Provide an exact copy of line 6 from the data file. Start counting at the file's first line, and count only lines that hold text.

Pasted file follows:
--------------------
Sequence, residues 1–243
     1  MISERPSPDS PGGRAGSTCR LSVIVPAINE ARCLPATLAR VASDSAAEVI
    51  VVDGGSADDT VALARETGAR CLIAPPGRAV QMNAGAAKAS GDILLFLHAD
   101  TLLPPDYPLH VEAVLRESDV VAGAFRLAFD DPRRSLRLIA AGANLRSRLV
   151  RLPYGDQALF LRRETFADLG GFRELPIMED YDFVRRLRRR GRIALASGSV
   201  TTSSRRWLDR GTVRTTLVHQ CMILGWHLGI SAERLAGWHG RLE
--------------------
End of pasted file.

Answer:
   201  TTSSRRWLDR GTVRTTLVHQ CMILGWHLGI SAERLAGWHG RLE